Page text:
Wednesday, August 18, 2010

Pose Reviews A Movie. #33: Caché (2005)

Michael Haneke's Caché is a rare type of suspense-thriller.

It's minimalist. It's super-creepy. And it's refreshingly open-ended.

Caché is the story of Georges and Anne Laurent, an ordinary couple in France who begin to receive ominous videotapes on the doorstep of their home. At first the cassettes, which appear to be shot in high-definition (a technological impossibility, for all intents and purposes), contain surveillance-style footage of the area outside the Laurent's home.

To be fair, this is unsettling at best.

But the theme of the tapes gradually evolve--they depict more and more specific instances and settings, and for Georges, the subject matter gradually gets closer to home (in the strictly non-literal sense).

Caché is an excellent film, not least of all for its commitment to postmodern storytelling. Not only is the film self-reflexive (a film about film) but it also manages to avoid conclusive elements. (The explanation for this can be found in an interview with director Michael Haneke, included on the DVD--he provides some really interesting perspective into what the film is actually about, but I'd recommend watching it after the feature).

Haneke's film manages to be highly compelling despite being somewhat abstract and relatively uneventful. It's one of the more accessible examples of postmodern film that I've seen, and it takes an irresistible premise and totally pulls it off without getting too caught up in lame twists or illogical character leaps taken in service of advancing the plot.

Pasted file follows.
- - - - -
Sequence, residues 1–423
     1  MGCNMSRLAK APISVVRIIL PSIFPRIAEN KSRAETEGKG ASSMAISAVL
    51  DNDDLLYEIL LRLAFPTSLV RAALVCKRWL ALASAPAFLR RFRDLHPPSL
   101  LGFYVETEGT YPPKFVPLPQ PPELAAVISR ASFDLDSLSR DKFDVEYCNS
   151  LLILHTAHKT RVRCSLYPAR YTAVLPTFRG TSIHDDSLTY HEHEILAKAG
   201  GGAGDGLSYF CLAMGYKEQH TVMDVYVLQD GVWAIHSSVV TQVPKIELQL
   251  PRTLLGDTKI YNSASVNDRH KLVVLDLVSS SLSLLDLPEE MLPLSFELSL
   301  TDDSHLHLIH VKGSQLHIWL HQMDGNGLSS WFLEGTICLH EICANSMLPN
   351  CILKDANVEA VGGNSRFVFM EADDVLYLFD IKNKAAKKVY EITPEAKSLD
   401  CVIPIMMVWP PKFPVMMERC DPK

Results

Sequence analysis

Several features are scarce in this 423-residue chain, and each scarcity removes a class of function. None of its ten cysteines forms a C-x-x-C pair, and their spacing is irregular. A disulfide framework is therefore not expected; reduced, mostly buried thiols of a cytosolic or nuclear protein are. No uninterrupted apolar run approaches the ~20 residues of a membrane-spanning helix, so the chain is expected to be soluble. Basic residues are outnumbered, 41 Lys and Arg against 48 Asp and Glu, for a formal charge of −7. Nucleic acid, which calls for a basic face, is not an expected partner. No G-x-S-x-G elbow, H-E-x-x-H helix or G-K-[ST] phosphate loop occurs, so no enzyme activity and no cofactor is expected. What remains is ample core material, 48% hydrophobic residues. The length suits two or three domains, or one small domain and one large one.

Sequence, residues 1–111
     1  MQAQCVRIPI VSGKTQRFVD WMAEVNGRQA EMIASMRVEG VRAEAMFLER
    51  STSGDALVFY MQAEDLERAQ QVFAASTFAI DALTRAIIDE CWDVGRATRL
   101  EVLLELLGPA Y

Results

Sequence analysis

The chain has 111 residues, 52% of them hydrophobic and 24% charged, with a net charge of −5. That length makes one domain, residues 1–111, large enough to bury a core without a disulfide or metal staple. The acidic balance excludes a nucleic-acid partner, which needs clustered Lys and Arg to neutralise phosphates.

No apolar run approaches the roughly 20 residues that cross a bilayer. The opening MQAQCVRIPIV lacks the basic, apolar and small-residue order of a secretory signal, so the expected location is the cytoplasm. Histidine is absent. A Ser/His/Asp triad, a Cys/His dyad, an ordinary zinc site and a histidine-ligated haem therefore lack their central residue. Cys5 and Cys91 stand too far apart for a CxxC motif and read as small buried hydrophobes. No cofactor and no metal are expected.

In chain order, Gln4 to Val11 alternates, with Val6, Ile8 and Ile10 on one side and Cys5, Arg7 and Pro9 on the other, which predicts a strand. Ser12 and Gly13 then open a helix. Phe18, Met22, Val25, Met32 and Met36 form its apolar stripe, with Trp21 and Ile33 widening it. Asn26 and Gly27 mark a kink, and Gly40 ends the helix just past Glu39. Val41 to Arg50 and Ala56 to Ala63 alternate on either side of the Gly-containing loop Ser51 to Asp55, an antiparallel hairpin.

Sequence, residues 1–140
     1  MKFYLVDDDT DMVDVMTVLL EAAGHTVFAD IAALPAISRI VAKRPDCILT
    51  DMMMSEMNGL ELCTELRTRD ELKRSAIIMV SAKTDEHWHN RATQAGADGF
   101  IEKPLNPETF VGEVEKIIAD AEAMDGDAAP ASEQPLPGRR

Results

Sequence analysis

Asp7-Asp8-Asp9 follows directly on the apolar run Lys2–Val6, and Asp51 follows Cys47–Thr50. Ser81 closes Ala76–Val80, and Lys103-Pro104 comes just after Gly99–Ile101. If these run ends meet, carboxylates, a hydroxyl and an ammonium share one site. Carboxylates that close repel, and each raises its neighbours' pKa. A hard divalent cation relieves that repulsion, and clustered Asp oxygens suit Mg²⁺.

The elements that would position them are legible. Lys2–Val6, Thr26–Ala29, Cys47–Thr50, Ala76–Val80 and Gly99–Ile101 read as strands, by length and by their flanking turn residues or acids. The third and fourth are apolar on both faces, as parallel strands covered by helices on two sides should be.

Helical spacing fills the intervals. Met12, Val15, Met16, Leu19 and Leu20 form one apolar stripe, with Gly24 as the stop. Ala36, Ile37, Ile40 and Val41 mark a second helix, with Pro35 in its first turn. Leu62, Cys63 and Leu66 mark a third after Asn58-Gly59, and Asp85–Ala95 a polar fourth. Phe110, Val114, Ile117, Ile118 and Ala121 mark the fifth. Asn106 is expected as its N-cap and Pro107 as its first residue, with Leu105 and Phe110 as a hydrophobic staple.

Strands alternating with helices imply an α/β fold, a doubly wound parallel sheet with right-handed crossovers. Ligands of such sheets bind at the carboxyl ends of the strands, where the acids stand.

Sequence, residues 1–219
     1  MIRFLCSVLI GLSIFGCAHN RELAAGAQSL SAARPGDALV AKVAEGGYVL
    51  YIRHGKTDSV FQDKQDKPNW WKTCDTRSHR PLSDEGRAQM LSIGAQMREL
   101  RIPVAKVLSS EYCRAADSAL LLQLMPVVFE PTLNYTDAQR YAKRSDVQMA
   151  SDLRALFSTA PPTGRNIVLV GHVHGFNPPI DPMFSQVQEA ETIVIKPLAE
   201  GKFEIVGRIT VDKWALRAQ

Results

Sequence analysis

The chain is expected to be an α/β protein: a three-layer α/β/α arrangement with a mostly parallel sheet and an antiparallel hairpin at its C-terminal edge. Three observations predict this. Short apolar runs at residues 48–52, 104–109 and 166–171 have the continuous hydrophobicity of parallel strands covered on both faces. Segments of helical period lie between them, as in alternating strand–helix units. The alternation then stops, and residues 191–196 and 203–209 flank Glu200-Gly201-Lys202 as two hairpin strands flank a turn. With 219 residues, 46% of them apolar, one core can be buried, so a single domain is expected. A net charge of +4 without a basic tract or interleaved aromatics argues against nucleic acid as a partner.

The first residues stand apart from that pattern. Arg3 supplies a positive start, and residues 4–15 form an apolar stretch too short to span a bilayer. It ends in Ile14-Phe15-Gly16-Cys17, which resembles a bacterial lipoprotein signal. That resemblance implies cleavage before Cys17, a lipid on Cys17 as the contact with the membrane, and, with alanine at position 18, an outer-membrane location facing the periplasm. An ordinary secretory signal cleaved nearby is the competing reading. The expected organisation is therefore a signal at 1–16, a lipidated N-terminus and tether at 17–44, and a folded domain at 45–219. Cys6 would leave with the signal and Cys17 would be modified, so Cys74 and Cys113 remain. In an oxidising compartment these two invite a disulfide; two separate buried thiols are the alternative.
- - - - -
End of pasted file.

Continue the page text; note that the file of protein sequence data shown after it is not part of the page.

Certainly, the genius of Caché lies in its simplicity, but incidentally that's where the suspense comes from too.

I'd certainly recommend Caché for fans of the suspense/thriller genre, but also to those looking at getting into the films of Michael Haneke. Haneke is known for tackling some pretty dark territory in some of his films (Funny Games certainly comes to mind without hesitation), but Caché is very nonthreatening in its content. The gripping psychological element of Caché subverts the need for shocking images or disturbing scenes, which makes it a great starting point for anyone interested in trying out Haneke's catalogue.

Overall, Caché is the ideological opposite of the most recent film I reviewed, 2003's Canadian feature, Nothing. It takes a cool premise and makes it into a cool movie, and in no way did I find its delivery of the goods unsatisfactory.

So if you're interested in this little gem, don't be shy--Caché is hidden in the Austria section.

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